Discussing the resilience in the market and what it means over the long run, with CNBC's Ron Insana; Barry Knapp, Barclays PLC and Tom Porcelli, RBC Capital Markets.
Archer Daniels Midland has been navigating well in difficult times, and traders are looking for the agriculture name to keep climbing.
Three years after filing its first prospectus with the Securities and Exchange Commission, the private-equity firm Apollo Global Management is finally set to launch a traditional initial public offering, according to people familiar with the matter.
With markets dropping sharply, investors should cash in on this buying opportunity, said Gordon Charlopp of Rosenblatt Securities.
Grain prices are going to take almost two years to rebuild, so there's going to be a period of elevated costs, said Farha Aslam, food analyst at Stephens.
Now that Starbucks has agreed to use Green Mountain’s Keurig system for its push into single-serve, giving the stocks of both a caffeinated jolt, there are a few key points to consider.
Buying financial stocks is like “buying a lottery ticket”—nothing has changed in the industry and there’s still no transparency, according to Ronald Carson, CEO and founder of Carson Wealth Management.
Sentiment has been weakening in the chip sector for the last week, and yesterday (Wednesday) the bears pounced on Lam Research.
With the markets on a decline, investors need to put money into value plays, said Rob Hoxton, president and CEO of Hoxton Financial, and Robert Auer, portfolio manager at Auer Growth Fund.
Keep an eye on for-profit schools today (Thursday), especially Bridgepoint Education.
Stocks seem locked in a trading band of indecision, as traders await the next development from the Middle East or economic news that could move the market forward.
The commodities boom was as severe and swift as ever in history, but tremors have entered the markets over the last few weeks as investors begin to wonder: Could it all be over? ...A report from TheStreet.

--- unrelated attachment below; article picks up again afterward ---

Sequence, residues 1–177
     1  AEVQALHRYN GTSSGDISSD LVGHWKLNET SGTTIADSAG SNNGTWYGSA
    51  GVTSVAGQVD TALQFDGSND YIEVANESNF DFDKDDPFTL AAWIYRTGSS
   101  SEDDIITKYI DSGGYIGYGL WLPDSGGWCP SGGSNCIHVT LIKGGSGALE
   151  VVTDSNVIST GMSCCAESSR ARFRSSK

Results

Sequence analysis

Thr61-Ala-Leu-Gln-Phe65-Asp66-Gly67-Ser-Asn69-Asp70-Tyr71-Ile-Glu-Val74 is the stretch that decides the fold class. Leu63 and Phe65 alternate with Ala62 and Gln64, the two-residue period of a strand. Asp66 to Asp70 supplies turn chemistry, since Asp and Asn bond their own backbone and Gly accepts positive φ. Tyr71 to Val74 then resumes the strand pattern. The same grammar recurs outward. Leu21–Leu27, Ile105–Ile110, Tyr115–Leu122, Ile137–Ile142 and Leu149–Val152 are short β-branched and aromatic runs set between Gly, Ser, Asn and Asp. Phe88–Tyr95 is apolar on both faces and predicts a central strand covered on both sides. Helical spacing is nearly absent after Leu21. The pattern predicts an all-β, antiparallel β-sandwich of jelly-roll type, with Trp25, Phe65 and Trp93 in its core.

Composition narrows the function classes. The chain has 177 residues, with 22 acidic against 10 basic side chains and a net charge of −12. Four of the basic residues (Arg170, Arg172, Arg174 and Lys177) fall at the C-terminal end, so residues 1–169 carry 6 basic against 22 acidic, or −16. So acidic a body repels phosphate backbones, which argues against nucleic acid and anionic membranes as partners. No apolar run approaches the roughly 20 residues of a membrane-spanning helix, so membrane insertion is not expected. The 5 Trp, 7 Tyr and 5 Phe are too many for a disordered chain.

Despite various market headwinds, stocks will continue to rally, said James Paulsen, chief investment strategist at Wells Capital Management, and Jim Lacamp, senior VP at Macro Portfolio advisors.
On the two-year anniversary of the March 2009 bottom, Andrew Kligerman, life insurance analyst at UBS, and Terry Bivens, food analyst at JPMorgan, told investors which names they should be buying and avoiding.
Large-cap stocks should perform better than the mid-caps or small-caps in the third year of a bull market, according to Ronald Weiner, president and CEO of RDM Financial Group.
Since the financial collapse, investors have chosen to look the other way on such things as bloated inventory, rising receivables or any number of metrics that normally would be red flags.
Wall Street's bull enters its third year with a furrowed brow. Middle East tensions, soaring oil prices, combined with worries surrounding Europe's weakest sovereigns are powerful hurdles facing the young bull.
Even as oil prices held at $105 a barrel on Tuesday, the uncertainty of the commodity's price remains the “800-pound gorilla,” said Jimmy Lee, managing partner of Strategic Wealth Associates.
Thesis Flexible Fund manager Stephen Roseman keeps his options open. The mutual fund has returned 3.4% over the past year, putting it in Morningstar's 69th percentile for long-short funds, which can bet on declines in share prices. ...A report from TheStreet.
Despite oil’s run, energy sector stock ETFs, which invest in the stocks of energy companies, have been the clear winner —thanks to the extra kick they get from the stock market.